A tasty piece of Fresno's history was honored this weekend for being a keystone of Chinatown for nearly a century.
The honors were bestowed on Kogetsu-Do, a small shop whose name means "Lake Moon" in Japanese, where owner Lynn Ikeda pumps out delightful, handmade Japanese treats daily.
Ikeda, 59, starts her work days at 1 a.m. and usually doesn't head home until after 5 p.m. She's done this for 30 years.
The family-owned confectionery has weathered a lot since it opened in 1915. Its first owners, Ikeda's grandparents, were corralled into an internment camp in Arkansas for two years during World War II. Most Japanese-Americans who lived on the West Coast wound up in camps.
On Saturday, a large American flag hung in front of Kogetsu-Do during a plaque dedication ceremony held by E Clampus Vitus members in Maj. James Savage Chapter 1852, which covers Fresno and Kings counties.
"So many people who've lived here for most of their lives really don't realize there's a thriving Chinatown -- and Lynn's family has been a part of that for the past 100 years," said Skip DuRand, "patriarch" of the James Savage chapter and a board member for Chinatown Revitalization Inc. "I think that's a testament to the American way of preserving what you've come to work all your life for, and we're just here today to recognize that."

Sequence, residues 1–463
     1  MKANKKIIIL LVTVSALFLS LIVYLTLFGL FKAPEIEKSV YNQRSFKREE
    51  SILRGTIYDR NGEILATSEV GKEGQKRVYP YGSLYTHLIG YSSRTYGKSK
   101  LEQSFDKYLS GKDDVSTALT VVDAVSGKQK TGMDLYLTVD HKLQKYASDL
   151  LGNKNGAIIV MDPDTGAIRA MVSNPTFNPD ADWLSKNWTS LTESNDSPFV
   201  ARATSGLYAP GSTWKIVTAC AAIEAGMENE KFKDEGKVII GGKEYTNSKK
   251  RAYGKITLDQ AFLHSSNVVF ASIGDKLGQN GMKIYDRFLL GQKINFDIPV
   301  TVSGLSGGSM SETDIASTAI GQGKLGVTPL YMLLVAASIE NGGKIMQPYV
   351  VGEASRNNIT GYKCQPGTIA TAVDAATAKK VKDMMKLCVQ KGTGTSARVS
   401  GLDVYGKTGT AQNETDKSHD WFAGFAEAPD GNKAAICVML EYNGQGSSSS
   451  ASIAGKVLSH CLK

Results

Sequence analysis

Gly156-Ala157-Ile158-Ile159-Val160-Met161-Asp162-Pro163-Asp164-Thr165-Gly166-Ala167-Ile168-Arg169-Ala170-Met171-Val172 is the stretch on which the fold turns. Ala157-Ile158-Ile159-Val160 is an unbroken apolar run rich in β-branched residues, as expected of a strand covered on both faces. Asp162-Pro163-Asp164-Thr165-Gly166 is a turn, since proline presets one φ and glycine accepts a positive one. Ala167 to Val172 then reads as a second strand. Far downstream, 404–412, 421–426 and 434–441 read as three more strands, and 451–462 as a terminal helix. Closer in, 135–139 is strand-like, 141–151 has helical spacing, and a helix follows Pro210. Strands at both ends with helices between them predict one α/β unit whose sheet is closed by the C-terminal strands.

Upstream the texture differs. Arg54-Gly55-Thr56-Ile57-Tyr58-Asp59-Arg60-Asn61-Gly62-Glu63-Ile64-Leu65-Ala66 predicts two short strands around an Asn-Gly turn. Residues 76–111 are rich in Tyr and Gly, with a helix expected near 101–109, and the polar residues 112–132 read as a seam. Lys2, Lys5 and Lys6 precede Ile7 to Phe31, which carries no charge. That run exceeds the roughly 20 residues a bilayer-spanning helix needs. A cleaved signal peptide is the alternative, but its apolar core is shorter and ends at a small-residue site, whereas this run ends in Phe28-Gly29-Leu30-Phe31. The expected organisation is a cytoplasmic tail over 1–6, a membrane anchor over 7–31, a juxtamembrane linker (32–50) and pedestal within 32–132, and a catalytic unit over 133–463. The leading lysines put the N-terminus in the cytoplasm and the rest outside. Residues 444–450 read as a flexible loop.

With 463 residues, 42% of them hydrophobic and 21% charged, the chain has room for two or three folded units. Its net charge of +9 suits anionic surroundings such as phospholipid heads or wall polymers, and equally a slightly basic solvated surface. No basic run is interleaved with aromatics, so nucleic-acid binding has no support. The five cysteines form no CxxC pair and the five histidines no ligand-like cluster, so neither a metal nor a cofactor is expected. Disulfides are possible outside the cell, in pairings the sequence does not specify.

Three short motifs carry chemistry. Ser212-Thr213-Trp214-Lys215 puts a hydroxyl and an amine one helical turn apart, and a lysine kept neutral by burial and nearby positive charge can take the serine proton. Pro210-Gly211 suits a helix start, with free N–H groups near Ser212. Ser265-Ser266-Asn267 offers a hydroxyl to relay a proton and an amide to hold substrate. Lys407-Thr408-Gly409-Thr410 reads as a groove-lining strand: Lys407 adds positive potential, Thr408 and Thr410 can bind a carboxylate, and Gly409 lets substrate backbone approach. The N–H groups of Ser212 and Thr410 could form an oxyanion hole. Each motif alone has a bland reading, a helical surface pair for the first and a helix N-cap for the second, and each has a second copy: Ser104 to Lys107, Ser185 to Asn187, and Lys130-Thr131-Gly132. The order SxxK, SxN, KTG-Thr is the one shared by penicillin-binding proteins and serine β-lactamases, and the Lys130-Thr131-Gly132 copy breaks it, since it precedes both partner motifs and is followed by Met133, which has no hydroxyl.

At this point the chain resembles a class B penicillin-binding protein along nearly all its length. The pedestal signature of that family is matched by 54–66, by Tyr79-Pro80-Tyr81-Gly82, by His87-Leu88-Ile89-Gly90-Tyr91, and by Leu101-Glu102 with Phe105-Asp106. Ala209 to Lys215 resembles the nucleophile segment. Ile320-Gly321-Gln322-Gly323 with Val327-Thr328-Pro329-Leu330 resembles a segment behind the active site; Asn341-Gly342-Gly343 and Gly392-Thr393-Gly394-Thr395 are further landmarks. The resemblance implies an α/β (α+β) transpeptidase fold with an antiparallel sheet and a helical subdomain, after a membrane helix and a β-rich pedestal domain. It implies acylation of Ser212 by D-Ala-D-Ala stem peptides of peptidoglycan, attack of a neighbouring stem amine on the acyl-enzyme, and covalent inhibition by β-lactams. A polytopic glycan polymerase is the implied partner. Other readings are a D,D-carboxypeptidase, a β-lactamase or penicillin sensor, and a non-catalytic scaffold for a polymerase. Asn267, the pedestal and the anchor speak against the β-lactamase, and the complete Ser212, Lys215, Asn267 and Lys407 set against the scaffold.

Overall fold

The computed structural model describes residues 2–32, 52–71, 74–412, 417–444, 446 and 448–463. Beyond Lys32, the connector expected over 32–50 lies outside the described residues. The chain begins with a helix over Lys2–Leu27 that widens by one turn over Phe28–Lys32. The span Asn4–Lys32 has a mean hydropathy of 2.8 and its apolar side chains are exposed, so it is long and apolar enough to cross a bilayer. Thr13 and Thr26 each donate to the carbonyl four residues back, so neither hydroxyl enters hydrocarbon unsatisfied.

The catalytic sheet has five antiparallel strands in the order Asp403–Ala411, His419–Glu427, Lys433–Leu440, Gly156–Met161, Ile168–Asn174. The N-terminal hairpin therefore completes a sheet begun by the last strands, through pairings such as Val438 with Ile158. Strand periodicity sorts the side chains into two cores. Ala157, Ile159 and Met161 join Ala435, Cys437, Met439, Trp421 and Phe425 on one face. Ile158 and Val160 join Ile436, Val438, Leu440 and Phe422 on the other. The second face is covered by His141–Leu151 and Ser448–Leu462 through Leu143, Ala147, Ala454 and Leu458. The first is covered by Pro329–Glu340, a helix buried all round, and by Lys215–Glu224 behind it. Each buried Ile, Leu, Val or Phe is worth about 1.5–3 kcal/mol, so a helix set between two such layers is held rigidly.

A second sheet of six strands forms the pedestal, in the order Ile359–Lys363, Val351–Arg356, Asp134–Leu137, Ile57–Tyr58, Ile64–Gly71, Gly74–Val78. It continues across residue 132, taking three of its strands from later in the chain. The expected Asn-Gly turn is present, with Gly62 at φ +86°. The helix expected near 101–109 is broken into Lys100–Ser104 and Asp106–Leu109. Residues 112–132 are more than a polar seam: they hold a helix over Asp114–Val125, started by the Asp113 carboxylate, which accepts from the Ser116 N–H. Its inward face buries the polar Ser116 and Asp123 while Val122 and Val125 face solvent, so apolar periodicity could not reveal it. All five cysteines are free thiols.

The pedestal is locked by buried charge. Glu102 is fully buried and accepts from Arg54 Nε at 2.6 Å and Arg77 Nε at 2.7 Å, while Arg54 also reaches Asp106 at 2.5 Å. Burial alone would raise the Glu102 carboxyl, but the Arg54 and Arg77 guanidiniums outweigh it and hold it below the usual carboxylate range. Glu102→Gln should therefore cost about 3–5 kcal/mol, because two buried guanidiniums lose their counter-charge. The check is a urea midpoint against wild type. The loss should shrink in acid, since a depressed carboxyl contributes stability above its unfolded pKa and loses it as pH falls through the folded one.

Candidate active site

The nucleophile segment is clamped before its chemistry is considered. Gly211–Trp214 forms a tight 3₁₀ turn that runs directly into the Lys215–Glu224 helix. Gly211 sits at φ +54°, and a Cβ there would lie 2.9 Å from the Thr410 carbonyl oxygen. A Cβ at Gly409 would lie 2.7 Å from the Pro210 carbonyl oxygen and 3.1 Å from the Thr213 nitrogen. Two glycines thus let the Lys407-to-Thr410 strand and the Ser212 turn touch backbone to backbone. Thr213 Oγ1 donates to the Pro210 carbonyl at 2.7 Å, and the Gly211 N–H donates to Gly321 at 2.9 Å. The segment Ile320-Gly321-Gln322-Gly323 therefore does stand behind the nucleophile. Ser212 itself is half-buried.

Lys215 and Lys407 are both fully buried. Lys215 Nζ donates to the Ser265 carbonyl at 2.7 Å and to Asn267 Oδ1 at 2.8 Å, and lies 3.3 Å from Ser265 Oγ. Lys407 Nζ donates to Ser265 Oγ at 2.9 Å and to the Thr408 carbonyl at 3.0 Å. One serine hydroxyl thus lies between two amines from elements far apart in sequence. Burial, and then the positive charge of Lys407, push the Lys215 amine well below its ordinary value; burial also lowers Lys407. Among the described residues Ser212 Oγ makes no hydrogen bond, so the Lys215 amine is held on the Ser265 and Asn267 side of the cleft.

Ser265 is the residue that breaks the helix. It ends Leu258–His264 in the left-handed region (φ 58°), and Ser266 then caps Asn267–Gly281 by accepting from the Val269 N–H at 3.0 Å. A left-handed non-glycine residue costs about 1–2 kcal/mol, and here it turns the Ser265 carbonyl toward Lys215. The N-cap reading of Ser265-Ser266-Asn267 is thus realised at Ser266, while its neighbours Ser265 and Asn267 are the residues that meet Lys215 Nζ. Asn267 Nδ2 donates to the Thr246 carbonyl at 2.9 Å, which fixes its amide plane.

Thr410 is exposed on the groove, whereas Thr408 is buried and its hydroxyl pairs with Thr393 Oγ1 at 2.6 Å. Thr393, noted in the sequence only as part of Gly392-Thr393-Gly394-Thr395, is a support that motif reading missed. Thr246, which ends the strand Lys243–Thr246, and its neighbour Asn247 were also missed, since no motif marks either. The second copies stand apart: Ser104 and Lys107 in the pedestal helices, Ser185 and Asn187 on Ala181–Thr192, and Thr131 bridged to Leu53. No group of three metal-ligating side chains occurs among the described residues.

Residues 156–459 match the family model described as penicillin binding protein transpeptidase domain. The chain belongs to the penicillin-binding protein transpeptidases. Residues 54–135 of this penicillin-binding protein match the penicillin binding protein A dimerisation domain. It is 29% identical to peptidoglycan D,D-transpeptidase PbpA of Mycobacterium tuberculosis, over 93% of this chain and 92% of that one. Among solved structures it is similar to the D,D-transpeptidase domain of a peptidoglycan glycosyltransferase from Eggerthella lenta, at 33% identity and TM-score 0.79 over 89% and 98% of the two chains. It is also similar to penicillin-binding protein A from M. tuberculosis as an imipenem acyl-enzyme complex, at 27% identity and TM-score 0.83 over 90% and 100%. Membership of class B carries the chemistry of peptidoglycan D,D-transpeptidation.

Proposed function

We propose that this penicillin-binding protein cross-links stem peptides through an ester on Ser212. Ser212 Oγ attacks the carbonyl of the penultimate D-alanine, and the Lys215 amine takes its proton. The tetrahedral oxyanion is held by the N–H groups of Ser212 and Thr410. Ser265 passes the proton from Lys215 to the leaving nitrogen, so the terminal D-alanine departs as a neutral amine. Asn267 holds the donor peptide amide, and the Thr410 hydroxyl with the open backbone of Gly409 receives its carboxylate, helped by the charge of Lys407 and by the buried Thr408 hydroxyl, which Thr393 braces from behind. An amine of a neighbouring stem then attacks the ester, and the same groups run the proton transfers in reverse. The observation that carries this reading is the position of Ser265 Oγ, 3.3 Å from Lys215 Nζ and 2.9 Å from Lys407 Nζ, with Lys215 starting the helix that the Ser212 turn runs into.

While this is actually the shop's 99th year, the historical group tries to dedicate at least one plaque each year and was eager to honor Ikeda, DuRand said.
Kogetsu-Do managed to remain in continual operation since 1915 thanks to the foresight of then-owner Sugimatsu Ikeda, who entrusted the shop to a Chinese family until the Ikedas were allowed to come home from the Arkansas internment camp.
The confectionery has been passed down through the family since, and is now in Lynn Ikeda's care. She's created 30 varieties of Japanese pastries known as "manju." A popular variety, "mochi," is a sweet rice cake with a sticky consistency, filled with a flavorful paste, such as red bean, lima bean, fresh fruit or pie filling. She also makes traditional Japanese snow cones with handmade syrup and a scoop of ice cream.
She uses the same equipment as her grandfather did to create the delicious morsels.
"A lot of people say when they come in here and look around it's like going back in time," Ikeda said of her shop at 920 F St., between Kern and Tulare streets.
To make her mochi, she drives out to Koda Farms in Dos Palos once a year to pick up fresh rice.
"She always gets the best of the best ... that's what I love," said friend Carol Seabury. "It's not quantity, it's quality. And she's very humble. She gives back so much to the Japanese community here in town."
Unfortunately, making these traditional Japanese foods is a dying art, Ikeda says. As far as she knows, her shop is the only one in the Central Valley that makes manju and mochi from scratch daily. The shop is closed Wednesday and Thursday.
Has she ever thought of making bigger batches -- at least occasionally -- to save herself the trouble of starting work at 1 a.m.?
No, she says with a smile, her customers like it better fresh.
The reporter can be reached at (559) 441-6386, firstname.lastname@example.org or @CarmenGeorge on Twitter.